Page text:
With all of the talk tonight of Bin Laden’s death being one of the high points of the Obama presidency, I thought I would repost what I wrote the night Obama made the announcement of the raid. I do not deny that it was the inevitable, if not right, decision to make. But I believe as Christians, we need to be careful how we use the word “Justice”.
My original post follows below:
According to Wikipedia, “Justice is the concept of moral rightness based on ethics, rationality, law, natural law, religion, fairness, or equity, along with the punishment of the breach of said ethics.”
Last night, President Obama announced, “Justice has been done.” Osama bin Ladin is dead.
Statements like this cause me to question our understanding of justice. Certainly by the definition above the killing of Osama bin Ladin is easily considered an act of justice. But is it really? I just finished writing a 35 page thesis centered on the idea justice is found in the restoration of relationships, that justice is grace and reconciliation.
By any measure imaginable the killing of bin Laden was not only permissible but it was the “right” thing to do. His death somehow brings a modicum of justice for all the suffering caused by the 9/11 attacks. This was what had to be done. It was the morally right thing to do.
But I struggle to see how the killing–he didn’t die by accident, this was a premeditated act–of an individual, no matter how evil, truly brings justice. In my opinion, this was punishment. There is no reconciliation that will happen as a result of his death. Beyond the initial euphoria of his demise, most people in the West will realize there are still extremists on all fringes who are willing to inflict pain and suffering to advance what they believe is a just cause. We still live in a fallen world of fallen people.
This is why we cannot bind the concepts of justice and punishment. I have seen Christians post verses referencing God granting authority to worldly powers to carry out judgement. Granted, I am no Biblical scholar, but I think this reading is wrong. Our legal system is really built on restitution instead of restoration—we even talk about criminals paying their debt to society. The government simply having the power to bring punishment does not mean that power is always truly righteous and just. In fact, believing the state has the divine authority to enforce moral codes is essentially the concept of Sharia law–the state enforcing a strict religious code to ensure a nation of right living people. I think God does use governmental powers to punish and reward, but I do not believe they are his ideal vehicle for true justice. Rather than functioning as wrathful instruments of God’s vengeance, I believe God has called Christians to be instruments of justice—healing and restoring broken people and relationships.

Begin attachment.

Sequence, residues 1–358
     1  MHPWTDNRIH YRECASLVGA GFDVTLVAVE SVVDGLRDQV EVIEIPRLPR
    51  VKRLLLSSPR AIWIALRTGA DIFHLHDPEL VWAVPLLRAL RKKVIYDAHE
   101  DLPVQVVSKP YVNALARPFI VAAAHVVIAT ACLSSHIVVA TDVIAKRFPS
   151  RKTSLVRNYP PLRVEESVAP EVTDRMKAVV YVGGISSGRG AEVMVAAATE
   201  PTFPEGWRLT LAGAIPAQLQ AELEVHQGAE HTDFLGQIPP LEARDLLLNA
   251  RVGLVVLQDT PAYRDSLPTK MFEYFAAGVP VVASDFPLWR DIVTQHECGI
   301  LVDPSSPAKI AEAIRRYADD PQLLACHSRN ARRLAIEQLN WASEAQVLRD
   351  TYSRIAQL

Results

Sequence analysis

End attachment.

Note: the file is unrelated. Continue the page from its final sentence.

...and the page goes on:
Yet real life is rarely so straightforward. If real justice as I am beginning to understand it is the restoration and reconciliation of relationships, I don’t know if that could be achieved here. I don’t know that any degree of repentance or soliciting of forgiveness could have reconciled bin Laden to the events of 9/11 and the people who’s lives were changed as a result. And I certainly wouldn’t presume upon the survivors and families effected by 9/11 to offer forgiveness of their own volition. In this situation, only God’s perfect grace and love can move them to such a decision.
Harry Waizer, a World Trade Center survivor, paused nearly a minute before he began to speak when reached by phone.
“If this means there is one less death in the future, then I’m glad for that,” said Mr. Waizer, who was in an elevator riding to work when the plane struck the building. He made it down the stairs, but suffered third-degree burns.
“But I just can’t find it in me to be glad one more person is dead, even if it is Osama bin Laden.”
Asked whether he felt any closure, Mr. Waizer said: “I’ve said for years I didn’t think there would be, but I’ll probably need to think about that more, now that it actually happened.”
“You know, the dead are still dead,” he added. “So in that sense, there is no such thing as closure.”
(via New York Times)
So where does this leave us? Are we to celebrate the death of a mass murderer? Are we to delight in his erasure? Are we to quote Bible verses supporting our view that God will send the forces of righteousness (who oddly seem to often be pictured wearing the American flag) to punish the wicked?
I would suggest rather than celebrate the violent killing of five human beings in retaliation for the thousands who died on 9/11, we pray. We pray for the men and women who risk their lives protecting our country. We pray for the world leaders involved in making life and death decisions ever day. We pray for the broken economic, social and political systems that leave millions of people around the globe feeling they have no alternative but violence. And I suggest we pray for true justice; for mercy and grace; for the reconciliation and healing of relationships between people, cultures and religions.